Interview part two: Chang Yi Wang, Chairperson & CEO, UBI Asia, and Chairperson & CSO, UBI

chang-yi-wang-ubi-taiwan.jpgIn the second part of this two-part interview, the Chairperson of UBI and UBI Asia offers her thoughts on the challenges and opportunities of the Chinese market, and explains her own personal history that led her to the creation of the company. To read the first part of this interview, click here.

Would you consider China for Phase III research?

Only if things can be under our full control and the IP can be well respected and protected

Would you nonetheless cite easy access to the Chinese market as one of the drivers behind your presence in Taiwan?

Yes, of course. Proximity to China is certainly one of the reasons we chose Taiwan. After signing the ECFA and medical/clinical collaboration between cross strait, Taiwan has a special position to leverage the early clinical results generated in Taiwan to tap into the late clinical trials and market in China without transferring the technology and setting up local manufacturing.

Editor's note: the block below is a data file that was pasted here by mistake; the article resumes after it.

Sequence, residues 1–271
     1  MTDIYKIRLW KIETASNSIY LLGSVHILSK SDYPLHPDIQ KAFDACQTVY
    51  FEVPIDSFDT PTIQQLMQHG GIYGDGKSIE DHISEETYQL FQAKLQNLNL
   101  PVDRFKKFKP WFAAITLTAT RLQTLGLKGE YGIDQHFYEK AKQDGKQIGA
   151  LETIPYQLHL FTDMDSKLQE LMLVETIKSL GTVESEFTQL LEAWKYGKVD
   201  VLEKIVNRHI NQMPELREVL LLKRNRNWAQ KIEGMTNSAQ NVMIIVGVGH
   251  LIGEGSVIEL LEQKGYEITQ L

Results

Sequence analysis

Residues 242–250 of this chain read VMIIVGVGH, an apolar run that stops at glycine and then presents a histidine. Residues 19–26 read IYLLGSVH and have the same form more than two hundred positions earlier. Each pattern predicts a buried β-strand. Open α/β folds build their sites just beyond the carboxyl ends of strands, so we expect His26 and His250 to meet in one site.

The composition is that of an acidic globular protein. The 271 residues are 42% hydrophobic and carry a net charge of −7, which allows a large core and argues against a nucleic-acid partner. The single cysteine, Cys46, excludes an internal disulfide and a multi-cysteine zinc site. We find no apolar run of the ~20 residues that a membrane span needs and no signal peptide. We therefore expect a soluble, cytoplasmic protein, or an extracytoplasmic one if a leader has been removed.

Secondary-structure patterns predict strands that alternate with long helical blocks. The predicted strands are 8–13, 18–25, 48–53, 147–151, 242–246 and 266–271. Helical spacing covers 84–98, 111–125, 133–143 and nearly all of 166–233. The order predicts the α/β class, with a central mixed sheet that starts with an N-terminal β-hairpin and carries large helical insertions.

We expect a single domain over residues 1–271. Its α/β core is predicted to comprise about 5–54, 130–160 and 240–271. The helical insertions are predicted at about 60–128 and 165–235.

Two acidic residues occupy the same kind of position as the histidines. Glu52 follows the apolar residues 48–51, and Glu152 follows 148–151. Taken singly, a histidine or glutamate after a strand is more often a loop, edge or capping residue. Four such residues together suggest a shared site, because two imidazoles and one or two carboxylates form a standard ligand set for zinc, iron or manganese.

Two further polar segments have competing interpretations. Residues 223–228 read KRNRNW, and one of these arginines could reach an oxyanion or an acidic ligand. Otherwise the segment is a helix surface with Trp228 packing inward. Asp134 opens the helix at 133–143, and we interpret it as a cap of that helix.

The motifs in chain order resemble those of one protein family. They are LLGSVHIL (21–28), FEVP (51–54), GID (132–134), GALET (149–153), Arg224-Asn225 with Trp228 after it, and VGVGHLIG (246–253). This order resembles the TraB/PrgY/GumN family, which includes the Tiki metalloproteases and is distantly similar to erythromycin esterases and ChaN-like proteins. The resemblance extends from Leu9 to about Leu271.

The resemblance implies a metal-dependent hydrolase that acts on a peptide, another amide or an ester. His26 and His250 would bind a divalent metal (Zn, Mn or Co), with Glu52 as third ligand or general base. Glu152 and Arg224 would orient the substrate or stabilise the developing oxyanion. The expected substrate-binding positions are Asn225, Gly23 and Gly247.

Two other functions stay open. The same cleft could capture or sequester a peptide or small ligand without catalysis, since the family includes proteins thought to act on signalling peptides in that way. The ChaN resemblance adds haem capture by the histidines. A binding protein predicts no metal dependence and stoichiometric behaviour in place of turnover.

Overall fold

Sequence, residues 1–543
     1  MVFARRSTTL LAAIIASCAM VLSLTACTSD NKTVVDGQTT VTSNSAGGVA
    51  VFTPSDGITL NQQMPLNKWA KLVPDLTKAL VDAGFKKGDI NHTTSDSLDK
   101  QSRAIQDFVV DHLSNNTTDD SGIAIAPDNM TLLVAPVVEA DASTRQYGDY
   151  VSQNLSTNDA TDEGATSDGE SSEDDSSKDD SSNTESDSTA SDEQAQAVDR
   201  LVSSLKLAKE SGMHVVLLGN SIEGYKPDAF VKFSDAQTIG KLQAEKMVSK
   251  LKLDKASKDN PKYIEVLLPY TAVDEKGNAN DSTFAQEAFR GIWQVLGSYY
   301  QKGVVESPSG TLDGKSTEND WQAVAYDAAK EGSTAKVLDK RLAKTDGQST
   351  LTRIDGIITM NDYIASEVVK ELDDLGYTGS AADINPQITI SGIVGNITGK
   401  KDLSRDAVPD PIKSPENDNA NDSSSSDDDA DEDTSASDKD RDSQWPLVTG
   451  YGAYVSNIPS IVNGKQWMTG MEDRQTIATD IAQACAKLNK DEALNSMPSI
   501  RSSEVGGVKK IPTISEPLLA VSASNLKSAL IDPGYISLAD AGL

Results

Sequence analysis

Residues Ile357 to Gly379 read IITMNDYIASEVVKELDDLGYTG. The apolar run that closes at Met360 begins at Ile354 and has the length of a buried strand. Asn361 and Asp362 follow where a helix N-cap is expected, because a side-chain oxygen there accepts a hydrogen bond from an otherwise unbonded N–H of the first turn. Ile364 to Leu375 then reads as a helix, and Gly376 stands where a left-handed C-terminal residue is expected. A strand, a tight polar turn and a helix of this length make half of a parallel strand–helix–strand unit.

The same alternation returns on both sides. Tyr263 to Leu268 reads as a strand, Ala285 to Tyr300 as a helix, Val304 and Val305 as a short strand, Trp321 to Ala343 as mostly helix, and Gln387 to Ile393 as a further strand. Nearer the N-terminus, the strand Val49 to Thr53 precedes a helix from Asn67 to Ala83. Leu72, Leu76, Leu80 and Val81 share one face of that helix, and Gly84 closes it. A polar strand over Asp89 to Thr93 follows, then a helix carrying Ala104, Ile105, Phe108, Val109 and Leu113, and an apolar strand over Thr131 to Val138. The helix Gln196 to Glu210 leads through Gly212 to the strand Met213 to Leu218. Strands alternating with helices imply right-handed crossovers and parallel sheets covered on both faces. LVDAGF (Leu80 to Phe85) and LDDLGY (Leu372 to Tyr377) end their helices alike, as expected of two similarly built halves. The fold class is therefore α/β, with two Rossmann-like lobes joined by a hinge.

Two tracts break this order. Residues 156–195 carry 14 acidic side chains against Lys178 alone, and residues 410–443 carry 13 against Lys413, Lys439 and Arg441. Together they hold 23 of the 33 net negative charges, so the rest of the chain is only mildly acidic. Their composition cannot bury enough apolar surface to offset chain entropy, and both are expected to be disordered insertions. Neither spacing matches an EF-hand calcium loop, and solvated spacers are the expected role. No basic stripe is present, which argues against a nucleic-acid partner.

UBI is talking about a vaccine for Alzheimer’s. You’re talking about a functional cure for HIV. These are hugely ambitious projects. We have not seen any companies from this region join the global Top 20, despite the fact that it’s one of the fastest-growing areas in the world for pharma sales. Can UBI be that company?

We must be that company. For the first generation of protein drugs, Amgen holds the top spot. For the first generation of antibody drugs, Genentech is ahead. The third wave of biopharma will be designer vaccines—and UBI will be the global leader. We will also put ourselves on the map in antibodies, of course; we cannot miss that train. But designer vaccines will truly be our shining point. As I said, I’ve worked for twenty years on this goal, and input a lot of private money toward achieving my dream. Indeed, I have found that private funds and earned corporate revenues from other businesses are sometimes the only way to really move forward in the biotech business, because many investors are weary of the long incubation processes involved.